What is the Difference Between
Scanning and Digitizing?

Posted on September 9, 2022

Going paperless? As you move from paper to digital, you’re likely to encounter the words “scanning” and “digitizing.” But before you fall into the common pitfall of lumping these two terms together, here’s a brief guide to help you discover how they differ. Read on.

Scanning vs. Digitizing: What’s the Difference?

Scanning is often interchanged with digitizing and vice versa. But there’s actually a fine line that separates the two. Knowing their differences is a step to securing a successful enterprise content management system. Find out more below.

What is scanning?

Scanning refers to the process of converting paper-copy materials into digital format through the use of a scanner. When you scan a physical document, you create a static digital copy of it, which can be stored, viewed, and shared on a computer and other digital devices to comply with government regulatory requirements.

How does it work?

When you scan a paper-copy material, you create a digital replica of that document, which you can store, view, and share on your digital devices such as your laptop or computer. 


Scanning machines come with superior lighting, advanced focus ability, and impressive scaling features to help create the exact digital equivalent of your document. You may also opt to convert physical documents into various file types, such as PDF, TIFF, or JPEG.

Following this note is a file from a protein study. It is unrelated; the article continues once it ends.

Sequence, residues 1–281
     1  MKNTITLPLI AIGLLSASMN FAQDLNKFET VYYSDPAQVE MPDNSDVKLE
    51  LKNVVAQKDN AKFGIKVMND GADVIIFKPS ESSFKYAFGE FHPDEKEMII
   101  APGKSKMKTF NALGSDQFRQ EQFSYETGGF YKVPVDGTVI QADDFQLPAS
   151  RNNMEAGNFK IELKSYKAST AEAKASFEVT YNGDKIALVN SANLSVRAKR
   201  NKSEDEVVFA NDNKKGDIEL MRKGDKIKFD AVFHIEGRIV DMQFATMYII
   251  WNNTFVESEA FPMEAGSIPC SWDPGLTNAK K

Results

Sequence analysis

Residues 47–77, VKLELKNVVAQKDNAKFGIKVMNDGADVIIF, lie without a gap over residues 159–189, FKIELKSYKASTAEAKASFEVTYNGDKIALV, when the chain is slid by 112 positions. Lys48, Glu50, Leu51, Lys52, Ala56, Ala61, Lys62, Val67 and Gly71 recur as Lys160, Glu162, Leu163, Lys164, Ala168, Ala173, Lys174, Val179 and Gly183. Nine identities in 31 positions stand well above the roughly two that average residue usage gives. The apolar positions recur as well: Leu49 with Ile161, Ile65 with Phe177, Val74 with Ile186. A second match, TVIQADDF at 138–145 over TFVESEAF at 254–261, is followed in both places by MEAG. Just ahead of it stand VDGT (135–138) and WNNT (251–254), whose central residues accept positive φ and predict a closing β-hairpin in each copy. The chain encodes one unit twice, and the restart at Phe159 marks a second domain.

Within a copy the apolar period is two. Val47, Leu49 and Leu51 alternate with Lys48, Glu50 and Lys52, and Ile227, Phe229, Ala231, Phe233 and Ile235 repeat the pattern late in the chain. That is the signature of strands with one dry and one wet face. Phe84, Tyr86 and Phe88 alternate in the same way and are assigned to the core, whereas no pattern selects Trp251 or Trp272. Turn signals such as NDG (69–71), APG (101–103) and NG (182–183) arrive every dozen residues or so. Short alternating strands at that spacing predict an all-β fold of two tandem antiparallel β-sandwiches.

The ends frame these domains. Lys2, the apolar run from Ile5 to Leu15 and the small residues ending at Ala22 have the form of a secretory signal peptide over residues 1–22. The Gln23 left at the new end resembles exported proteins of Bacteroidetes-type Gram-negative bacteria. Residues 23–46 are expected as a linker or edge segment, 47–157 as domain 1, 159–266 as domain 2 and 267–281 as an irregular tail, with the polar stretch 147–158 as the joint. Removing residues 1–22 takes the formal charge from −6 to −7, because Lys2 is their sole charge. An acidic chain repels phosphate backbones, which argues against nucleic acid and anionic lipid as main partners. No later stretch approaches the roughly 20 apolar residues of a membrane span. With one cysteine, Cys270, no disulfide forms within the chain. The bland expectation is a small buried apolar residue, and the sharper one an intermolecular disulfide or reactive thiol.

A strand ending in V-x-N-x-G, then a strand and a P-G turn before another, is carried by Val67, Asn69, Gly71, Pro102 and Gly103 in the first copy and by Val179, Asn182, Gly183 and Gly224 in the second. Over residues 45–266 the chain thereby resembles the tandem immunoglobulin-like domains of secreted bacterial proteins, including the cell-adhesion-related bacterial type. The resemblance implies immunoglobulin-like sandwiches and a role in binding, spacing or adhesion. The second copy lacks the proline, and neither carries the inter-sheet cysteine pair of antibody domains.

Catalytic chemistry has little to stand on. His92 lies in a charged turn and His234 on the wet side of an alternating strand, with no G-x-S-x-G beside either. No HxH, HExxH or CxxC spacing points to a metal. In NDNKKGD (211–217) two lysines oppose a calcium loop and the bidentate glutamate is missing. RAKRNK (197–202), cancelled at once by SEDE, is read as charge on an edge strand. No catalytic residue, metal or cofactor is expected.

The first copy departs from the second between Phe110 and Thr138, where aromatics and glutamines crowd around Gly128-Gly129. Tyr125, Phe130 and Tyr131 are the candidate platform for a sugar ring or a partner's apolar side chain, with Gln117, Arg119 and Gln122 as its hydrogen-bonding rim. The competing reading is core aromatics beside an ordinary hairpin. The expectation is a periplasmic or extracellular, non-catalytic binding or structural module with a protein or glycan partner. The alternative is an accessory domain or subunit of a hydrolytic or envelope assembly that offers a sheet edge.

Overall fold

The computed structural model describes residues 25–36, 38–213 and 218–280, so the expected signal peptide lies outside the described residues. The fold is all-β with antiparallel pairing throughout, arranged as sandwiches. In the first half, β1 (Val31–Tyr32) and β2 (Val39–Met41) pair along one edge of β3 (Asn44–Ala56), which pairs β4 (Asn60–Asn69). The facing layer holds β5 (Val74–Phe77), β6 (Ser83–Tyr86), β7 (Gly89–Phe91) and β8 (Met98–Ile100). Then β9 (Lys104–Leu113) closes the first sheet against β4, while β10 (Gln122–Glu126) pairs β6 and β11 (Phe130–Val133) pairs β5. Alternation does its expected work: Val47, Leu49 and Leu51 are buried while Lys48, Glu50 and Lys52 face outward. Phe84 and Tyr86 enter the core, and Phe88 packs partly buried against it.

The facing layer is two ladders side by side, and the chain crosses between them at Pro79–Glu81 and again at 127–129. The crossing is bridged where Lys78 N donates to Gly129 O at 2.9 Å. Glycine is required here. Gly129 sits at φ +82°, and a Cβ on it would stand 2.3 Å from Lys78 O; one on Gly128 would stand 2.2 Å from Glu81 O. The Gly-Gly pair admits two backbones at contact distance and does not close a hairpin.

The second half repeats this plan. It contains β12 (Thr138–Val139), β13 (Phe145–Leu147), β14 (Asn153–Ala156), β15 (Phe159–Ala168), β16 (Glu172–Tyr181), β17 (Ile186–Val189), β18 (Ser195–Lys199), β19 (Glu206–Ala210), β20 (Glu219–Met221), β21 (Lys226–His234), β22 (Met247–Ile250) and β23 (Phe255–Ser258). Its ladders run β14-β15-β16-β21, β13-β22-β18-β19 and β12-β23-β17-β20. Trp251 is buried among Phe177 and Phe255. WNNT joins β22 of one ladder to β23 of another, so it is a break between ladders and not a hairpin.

Generally, there are many reasons why enterprises resort to scanning their physical documents. But the primary reason is to comply with government regulatory requirements. Unlike physical materials, scanned documents can be encrypted, organized, indexed, and stored in a highly-secured cloud. Organizations can also apply retention policies on digital files easily. 

What should you scan?

Since scanning creates static, digital copies of documents, the method is used primarily to preserve records that are already in their permanent form or those that require no further editing. They are kept mainly to serve as evidence of a transaction, establish duties or obligations of a party,  or simply comply with the appropriate retention period. 


Common examples of these business records include:

  • Invoices
  • Personal data (e.g. birth certificates, medical records, etc.)
  • Contracts and agreements
  • Licenses
  • Final reports

What is digitizing?

Digitizing refers to the process of converting analog information into a digital copy with the intent of collaborating, sharing, routing, and updating electronic documents before they are translated into their final form.

How is it done?

Broadly speaking, digitizing refers to the process of converting analog information to a digital copy to make it readable by digital devices, such as computers and smartphones. In the context of documentation, digitizing can be done by:


  • Using document management platforms such as Word, Excel, or Powerpoint to convert unstructured data into machine-readable formats; or